In its latest filings with the Securities and Exchange Commission, Ken Griffin‘s Citadel Investment Group disclosed reducing its stake in Seritage Growth Properties (NYSE:SRG), a Real Estate Investment Trust that was spun-off from Sears Holdings Corp (NASDAQ:SHLD) earlier this month. In this way, the investor, which initially reported ownership of 3.84 million shares, representing 7.2% of the outstanding class A common stock, disclosed holding 2.39 million shares, representing 9.7% of the stock. The new percentage of the class was calculated based upon some 24.58 million shares as of July 10.
Seritage Growth Properties (NYSE:SRG) has acquired 235 Sears and Kmart-branded stores from Sears, which also sold to Seritage 50% interests in joint ventures with Simon Property Group, General Growth Properties and The Macerich Company, which own together an additional 31 properties of Sears. The total proceeds from the transactions amounted to $2.7 billion and will allow Sears to enhance its financial situation and allow it to accelerate investments required for a transformation of the company into an asset light member-centric integrated retailer, Sears said in a statement. The stock of Seritage began trading on the New York Stock Exchange on July 6 and has gained around 7% since then.
Aside from Citadel, another investor that disclosed shares of Seritage Growth Properties (NYSE:SRG) is Eddie Lampert’s ESL Investments, which owns 2.56 million class A shares, including around 1.60 million class B non-economic voting shares. Bruce Berkowitz’s Fairholme also reported holding 3.25 million shares. ESL Investments is the largest shareholder of Sears Holdings Corp (NASDAQ:SHLD), with Eddie Lampert serving as the company’s Chairman and CEO, while Fairholme is the second-largest shareholder. ESL and Fairholme held 26.44 million shares and 26.0 million shares of Sears at the end of March respectively.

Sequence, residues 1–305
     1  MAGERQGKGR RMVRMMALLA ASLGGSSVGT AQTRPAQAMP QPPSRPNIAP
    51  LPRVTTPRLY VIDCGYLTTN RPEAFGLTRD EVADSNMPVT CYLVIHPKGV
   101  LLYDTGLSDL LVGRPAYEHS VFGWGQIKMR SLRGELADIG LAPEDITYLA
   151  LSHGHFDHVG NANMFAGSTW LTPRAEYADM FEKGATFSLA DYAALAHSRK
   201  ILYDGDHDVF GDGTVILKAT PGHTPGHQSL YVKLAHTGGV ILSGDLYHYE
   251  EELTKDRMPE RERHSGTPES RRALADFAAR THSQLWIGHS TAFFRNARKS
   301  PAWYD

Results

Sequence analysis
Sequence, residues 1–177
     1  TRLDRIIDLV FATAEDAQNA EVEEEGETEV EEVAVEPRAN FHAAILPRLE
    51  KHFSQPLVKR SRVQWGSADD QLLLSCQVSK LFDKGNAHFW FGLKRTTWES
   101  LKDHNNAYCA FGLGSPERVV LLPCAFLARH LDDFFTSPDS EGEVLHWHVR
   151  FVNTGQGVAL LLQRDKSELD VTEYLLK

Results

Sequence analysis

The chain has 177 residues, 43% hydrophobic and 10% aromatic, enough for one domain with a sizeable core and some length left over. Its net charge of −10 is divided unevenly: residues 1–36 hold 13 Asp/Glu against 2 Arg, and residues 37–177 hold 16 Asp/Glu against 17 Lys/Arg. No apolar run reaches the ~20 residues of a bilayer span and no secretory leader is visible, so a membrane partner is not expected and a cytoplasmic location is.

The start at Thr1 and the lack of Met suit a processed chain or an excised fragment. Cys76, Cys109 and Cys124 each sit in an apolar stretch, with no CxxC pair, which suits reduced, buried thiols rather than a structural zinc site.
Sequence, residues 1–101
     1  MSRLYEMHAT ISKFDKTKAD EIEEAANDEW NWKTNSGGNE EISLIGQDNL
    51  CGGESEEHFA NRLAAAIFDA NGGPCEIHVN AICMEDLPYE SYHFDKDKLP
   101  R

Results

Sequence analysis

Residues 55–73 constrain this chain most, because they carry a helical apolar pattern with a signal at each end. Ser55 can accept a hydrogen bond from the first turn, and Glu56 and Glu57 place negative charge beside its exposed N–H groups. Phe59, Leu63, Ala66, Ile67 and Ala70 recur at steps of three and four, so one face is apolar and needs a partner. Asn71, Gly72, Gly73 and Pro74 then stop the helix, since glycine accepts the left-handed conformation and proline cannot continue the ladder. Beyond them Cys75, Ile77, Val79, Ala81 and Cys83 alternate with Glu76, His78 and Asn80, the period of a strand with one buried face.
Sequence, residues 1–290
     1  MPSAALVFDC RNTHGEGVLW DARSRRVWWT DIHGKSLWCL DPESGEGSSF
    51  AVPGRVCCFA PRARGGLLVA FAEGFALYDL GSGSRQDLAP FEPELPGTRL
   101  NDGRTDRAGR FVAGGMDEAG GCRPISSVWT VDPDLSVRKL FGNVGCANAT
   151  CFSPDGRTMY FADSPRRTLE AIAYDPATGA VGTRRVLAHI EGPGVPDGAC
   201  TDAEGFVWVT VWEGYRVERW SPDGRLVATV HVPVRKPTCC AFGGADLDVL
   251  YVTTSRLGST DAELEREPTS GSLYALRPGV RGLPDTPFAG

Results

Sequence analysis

Citadel holds a small amount of Sears Holdings Corp (NASDAQ:SHLD) shares as of the end of March and also disclosed owning ‘Put’ and ‘Call’ options underlying shares of the company. Moreover, its latest 13F filings also show that Citadel hasn’t been bullish on Sears, holding small amounts of shares that were hedged with options. The investor is also not very fond of REITs, as can be seen from its 13F filings, which is why its move into Seritage Growth Properties (NYSE:SRG) is particularly interesting.
We pay attention to hedge funds’ moves because our research has shown that hedge funds are extremely talented at picking stocks on the long side of their portfolios. It is true that hedge fund investors have been underperforming the market in recent years. However, this was mainly because hedge funds’ short stock picks lost a ton of money during the bull market that started in March 2009. Hedge fund investors also paid an arm and a leg for the services that they received. We have been tracking the performance of hedge funds’ 15 most popular stock picks in real time since the end of August 2012. These stocks have returned 135% since then and outperformed the S&P 500 Index by around 80 percentage points (see the details here). That’s why we believe it is important to pay attention to hedge fund sentiment; we also don’t like paying huge fees.
With this in mind, let’s take a closer look at Citadel. Ken Griffin founded his fund in 1990 with around $4 million in assets under management and over the years has grown it to more than $89 billion in equity portfolio. Citadel operates to main funds: Kensington and Wellington, which had an impressive performance, returning 25% in 2012 and 19.4% in 2013. It’s latest 13F filing disclosed largest holdings in terms of value as ‘Put’ and ‘Call’ positions underlying shares of Priceline Group Inc (NASDAQ:PCLN) and Apple Inc. (NASDAQ:AAPL).